47. 1. Looking at your process and the 3 principles, think

    about any problems you are having on current projects. 2. Fill in the first column of the canvas. BRIEF: OUTCOME: You will identify pain points in your projects against the 3 core principles.
  48. REQUIRE-
 MENTS DEFINE UX DESIGN LAUNCH WIRE
 FRAMES KICK OFF


    MEETING DEV DAILY 
 STAND UPS QA BUSINESS
 NEEDS USER
 NEEDS BACKLOG STATIC
 DESIGNS CLIENT
 DEMOS SPRINTS TDD RETRO-
 SPECTIVES LACK OF
 DESIGN
 TIME NO USER
 TESTING NOT
 WHOLE 
 TEAM NO SPRINT
 RELEASES
  49. Pain points (Principles) Opportunities (Processes) Actions
 (Practices) Customer first: •

    No user testing until we’ve launched the product • Lack of design time means we’re focusing on tech defining the product Frequent delivery: • Despite working in Sprints, we aren’t releasing frequently Team collaboration: • We don’t have the entire team involved from the start of the project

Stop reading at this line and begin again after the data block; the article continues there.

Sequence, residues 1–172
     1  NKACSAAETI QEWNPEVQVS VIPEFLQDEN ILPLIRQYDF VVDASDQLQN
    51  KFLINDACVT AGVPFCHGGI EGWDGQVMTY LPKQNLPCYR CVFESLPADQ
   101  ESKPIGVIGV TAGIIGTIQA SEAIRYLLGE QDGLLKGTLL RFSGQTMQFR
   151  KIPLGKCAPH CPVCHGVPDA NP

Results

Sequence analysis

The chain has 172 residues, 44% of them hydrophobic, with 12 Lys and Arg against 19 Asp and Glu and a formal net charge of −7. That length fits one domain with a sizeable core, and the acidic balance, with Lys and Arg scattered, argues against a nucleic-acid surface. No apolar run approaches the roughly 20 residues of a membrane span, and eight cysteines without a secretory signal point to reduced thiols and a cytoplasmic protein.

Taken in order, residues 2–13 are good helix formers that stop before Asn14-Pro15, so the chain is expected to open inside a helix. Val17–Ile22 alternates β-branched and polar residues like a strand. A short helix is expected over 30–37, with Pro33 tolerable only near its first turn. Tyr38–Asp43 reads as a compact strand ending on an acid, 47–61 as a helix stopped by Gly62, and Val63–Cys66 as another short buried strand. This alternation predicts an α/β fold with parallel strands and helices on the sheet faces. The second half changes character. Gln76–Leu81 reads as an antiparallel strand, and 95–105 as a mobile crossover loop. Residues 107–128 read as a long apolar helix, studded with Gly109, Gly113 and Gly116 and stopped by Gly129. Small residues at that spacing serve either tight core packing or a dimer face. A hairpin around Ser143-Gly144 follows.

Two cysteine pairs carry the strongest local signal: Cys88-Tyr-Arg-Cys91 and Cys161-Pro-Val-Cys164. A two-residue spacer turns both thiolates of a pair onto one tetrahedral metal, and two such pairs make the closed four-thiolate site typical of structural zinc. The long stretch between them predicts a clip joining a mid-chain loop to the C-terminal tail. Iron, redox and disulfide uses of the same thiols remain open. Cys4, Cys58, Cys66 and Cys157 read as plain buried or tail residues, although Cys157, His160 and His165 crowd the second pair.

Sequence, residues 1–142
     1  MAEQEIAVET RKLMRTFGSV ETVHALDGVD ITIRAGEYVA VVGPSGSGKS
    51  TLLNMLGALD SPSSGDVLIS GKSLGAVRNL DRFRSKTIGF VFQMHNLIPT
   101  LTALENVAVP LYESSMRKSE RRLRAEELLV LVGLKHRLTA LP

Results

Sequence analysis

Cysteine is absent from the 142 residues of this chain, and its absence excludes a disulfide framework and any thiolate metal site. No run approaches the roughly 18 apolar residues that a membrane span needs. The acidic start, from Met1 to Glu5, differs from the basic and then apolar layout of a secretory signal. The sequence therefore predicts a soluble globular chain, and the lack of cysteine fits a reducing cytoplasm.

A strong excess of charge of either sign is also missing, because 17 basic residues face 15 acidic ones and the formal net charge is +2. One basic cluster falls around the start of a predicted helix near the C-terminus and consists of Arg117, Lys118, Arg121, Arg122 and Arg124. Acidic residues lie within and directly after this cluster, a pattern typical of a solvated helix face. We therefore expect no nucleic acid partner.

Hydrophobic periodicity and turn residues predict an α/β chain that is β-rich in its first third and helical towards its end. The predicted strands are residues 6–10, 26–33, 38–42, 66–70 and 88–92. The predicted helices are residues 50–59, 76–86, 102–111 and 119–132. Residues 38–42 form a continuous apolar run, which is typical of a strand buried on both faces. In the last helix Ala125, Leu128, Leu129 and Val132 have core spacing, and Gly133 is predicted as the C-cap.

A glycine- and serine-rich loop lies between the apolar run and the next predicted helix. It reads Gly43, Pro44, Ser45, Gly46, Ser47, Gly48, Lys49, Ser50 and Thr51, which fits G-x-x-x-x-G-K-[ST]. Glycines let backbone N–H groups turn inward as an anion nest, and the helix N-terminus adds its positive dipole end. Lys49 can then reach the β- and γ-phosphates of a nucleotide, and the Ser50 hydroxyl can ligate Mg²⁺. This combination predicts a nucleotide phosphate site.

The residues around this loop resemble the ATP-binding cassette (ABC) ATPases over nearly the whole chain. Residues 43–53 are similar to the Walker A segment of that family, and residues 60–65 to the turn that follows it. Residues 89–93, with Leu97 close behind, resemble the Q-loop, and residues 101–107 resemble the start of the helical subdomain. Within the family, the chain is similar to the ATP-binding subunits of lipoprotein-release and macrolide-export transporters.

#AdaptingAgile @suzehaworth
  50. WHY WE SHOULD PRODUCT 3 THINK MORE

  51. All core principles come back to one thing: Building the

    best product possible
  52. “We have come to realise that bespoke software delivery is

    far more akin to product design and development than it is to project delivery.” John Yorke, 2017
  53. DISCOVERY? WHAT IS PRODUCT

  54. Discover and test that what you are building is what

    the customer needs
  55. Deliver what your customer needs… rather than what you (or

    they!) think they want
  56. E X I S T I N G 
 D

    A T A & 
 R E S E A R C H 
 I N S I G H T S A S S U M P T I O N S F U R T H E R R E S E A R C H H Y P O T H E S E S STAGE 1 I D E N T I F Y 
 P A I N P O I N T S I D E N T I F Y 
 O P P O R T U N I T I E S
  57. U X / D E S I G N P

    R O T O T Y P E T E S T I N S I G H T S STAGE 2 I T E R A T E
  58. Gather requirements Review data & research Think in terms of